GW’s undergraduate research journal has 10 times the number of members it began with two years ago and is looking to expand research on campus even further.
The GW Undergraduate Review now has 30 members, up from the 15 students the publication boasted last academic year and the three undergraduates who founded the group two years ago. Students involved in the review said they hope to continue to expand the journal in its second volume by increasing the number of undergraduate research opportunities and boosting funding for young researchers.
The student organization published seven articles in at least six different disciplines in its first journal last year after the Office of the Vice President for Research agreed to provide the group with $10,000 each year. The group now has 10 students on its executive board.
“That’s something we’re really proud of is showcasing a lot of different departments at this school,” Maggie Steiner, a junior and the editor in chief of the journal, said.
Steiner said the team of students is prepared to release the second volume of the journal on April 18. She said the journal has received 18 full-length submissions – in topics ranging from history to public health – as of Jan. 28, but the group has yet to select the submissions that will be included in the second volume.
She said the group has been working to create more events for editors and members of the journal to learn about the peer review process and receive more “hands-on” training from staff in Gelman Library. Steiner said the group hosted a networking event in the fall called the Undergraduate Research Showcase, which included student and faculty research presentations. She added that the group also cosponsored the annual GW STEM Symposium in October.
Member of the group are also in early discussions with OVPR about engaging more students in undergraduate research and increasing funds to support research projects.
Steiner said the group’s smaller, research-oriented events typically draw between 20 to 45 attendees, while the group’s release event last April attracted nearly 100 people.
Steiner said members of the journal worked with students at the School Without Walls for the first time last semester by partnering with the Nashman Center to help high school students complete their senior research projects. Members of the journal held mentoring and editing sessions, she said.
Robert Miller, the vice president for research, said the undergraduate research journal is an “important showcase” of research activity on GW’s campus.
“Publishing one’s work and adding to our collective knowledge is at the foundation of scholarship and scientific discovery,” Miller said in an email. “By writing, editing or reviewing submissions, students will develop skills that prepare them for success, regardless of whether they pursue research-related careers.”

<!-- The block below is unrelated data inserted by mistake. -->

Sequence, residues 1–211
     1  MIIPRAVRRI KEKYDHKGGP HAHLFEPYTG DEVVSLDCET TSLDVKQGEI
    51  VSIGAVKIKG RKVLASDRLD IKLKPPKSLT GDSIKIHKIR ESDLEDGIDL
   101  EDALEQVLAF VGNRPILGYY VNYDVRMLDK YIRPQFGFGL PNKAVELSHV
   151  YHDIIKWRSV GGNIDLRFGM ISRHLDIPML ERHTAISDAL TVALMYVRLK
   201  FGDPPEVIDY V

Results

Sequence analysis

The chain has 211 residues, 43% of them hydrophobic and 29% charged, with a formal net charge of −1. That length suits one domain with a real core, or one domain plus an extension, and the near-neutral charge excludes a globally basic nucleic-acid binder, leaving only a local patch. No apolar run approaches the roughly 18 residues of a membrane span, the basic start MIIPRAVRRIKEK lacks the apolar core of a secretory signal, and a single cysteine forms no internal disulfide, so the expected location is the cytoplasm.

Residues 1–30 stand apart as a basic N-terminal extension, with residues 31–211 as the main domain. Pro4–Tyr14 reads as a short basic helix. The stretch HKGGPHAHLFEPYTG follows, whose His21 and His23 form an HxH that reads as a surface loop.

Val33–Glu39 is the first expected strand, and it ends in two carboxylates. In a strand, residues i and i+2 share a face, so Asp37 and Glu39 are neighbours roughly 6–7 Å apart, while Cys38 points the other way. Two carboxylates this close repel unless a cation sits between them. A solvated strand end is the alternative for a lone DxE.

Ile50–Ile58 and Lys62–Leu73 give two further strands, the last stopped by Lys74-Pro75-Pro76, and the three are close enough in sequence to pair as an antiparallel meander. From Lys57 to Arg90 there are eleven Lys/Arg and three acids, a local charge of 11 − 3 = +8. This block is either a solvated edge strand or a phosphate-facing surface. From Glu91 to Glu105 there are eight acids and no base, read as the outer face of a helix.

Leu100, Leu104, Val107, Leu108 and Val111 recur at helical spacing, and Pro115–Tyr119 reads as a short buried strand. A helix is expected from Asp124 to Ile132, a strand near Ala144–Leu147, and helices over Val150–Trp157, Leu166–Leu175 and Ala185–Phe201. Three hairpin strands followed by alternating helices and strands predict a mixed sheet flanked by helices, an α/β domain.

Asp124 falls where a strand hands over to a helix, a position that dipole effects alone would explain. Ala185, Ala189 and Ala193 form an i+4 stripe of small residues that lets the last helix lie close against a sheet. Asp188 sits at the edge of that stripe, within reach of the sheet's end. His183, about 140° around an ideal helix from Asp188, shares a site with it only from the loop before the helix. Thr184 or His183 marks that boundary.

Logan Bartholomew, a junior and a managing editor for the journal, said he is “excited” to continue working closely with OVPR to engage more undergraduates in research in a more “institutionalized” way.
“I am really excited for where this is going to take the research team at GW because I seriously see some potential here, and the things that have come out of research already can only be bettered by engaging and solidifying the research scene at GW,” Bartholomew said.
Isabel Wolfer, a senior and the lead editor for humanities and social sciences for the journal, said she leads a team of about six editors who select submissions and work on “perfecting” them for publication.
“Even though GWUR started as a STEM publication, we have ironically received far more submissions in humanities and social sciences both this year and last,” Wolfer said in an email. “We also strive to underscore the interdisciplinary character of the journal through our programming and find points of intersection among the disciplines we represent.”
Aleksandra Dagunts, a senior and the director of internal affairs for the journal, said the group is also planning an event for GW Research Days in April featuring a keynote speaker who will discuss the importance of interdisciplinary research on campus.
Dagunts added that universities should have “evidence” that research is being conducted at the undergraduate level to raise the school’s research profile.
“It’s really important if universities want to elevate their undergraduate research both in quality and participation,” she said.